Here is an excerpt from the fedora-commons-users announcement:

At a glance, DOPs is a framework for the effective management and manipulation of diverse and heterogeneous digital material, providing repository-independent, type-consistent abstractions of stored digital objects. In DOPs, individual objects are treated as instances of their prototype and, hence, conform to its specifications automatically, regardless of the underlying storage format used to store and encode the objects.

The framework also provides inherent support for collections /sub-collections hierarchies and compound objects, while it allows DL-pertinent services to compose type-specific object behavior effectively. A DO Storage module is also available, which allows one to use the framework atop Fedora (thoroughly tested with Fedora version 2.0).

PRESERV Project Report on Digital Preservation in Institutional Repositories

The JISC PRESERV (Preservation Eprint Services) project has issued a report titled Laying the Foundations for Repository Preservation Services: Final Report from the PRESERV Project.

Here’s an excerpt from the Executive Summary:

The PRESERV project (2005-2007) investigated long-term preservation for institutional repositories (IRs), by identifying preservation services in conjunction with specialists, such as national libraries and archives, and building support for services into popular repository software, in this case EPrints. . . .

PRESERV was able to work with The National Archives, which has produced PRONOMDROID, the pre-eminent tool for file format identification. Instead of linking PRONOM to individual repositories, we linked it to the widely used Registry of Open Access Repositories (ROAR), through an OAI harvesting service. As a result format profiles can be found for over 200 repositories listed in ROAR, what we call the PRONOM-ROAR service. . . .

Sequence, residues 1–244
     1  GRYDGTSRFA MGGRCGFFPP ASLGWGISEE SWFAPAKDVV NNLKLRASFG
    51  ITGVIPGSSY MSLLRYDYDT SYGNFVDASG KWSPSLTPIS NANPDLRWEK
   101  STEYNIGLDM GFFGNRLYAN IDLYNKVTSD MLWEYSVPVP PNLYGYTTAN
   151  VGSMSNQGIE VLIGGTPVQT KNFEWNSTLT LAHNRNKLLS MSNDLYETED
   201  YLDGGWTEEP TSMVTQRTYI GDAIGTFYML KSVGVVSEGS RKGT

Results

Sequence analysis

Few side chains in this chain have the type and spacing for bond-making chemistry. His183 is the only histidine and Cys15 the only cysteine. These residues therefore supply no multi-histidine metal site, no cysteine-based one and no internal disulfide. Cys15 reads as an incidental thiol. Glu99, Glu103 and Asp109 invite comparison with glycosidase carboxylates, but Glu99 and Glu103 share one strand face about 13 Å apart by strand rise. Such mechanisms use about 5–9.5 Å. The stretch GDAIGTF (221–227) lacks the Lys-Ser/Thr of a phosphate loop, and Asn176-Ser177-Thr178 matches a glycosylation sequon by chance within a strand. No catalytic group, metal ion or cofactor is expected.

The lubricant to ease the movement of data between the components of the services model is metadata, notably preservation metadata, which informs, describes and records a range of activities concerned with preserving specific digital objects. PRESERV identified a rich set of preservation metadata, based on the current standard in this area, PREMIS, and where this metadata could be generated in our model. . . .

The most important changes to EPrints software as a result of the project were the addition of a history module to record changes to an object and actions performed on an object, and application programs to package and disseminate data for delivery to an external service using either the Metadata Encoding and Transmission Standard (METS) or the MPEG-21 Part 2: Digital Item Declaration Language (DIDL). One change to the EPrints deposit interface is the option for authors to select a licence indicating rights for allowable use by service providers or users, and others. . . .

PRESERV has identified a powerful and flexible framework in which a wide range of preservation services from many providers can potentially be intermediated to many repositories by other types of repository services. It is proposed to develop and test this framework in the next phase of the project.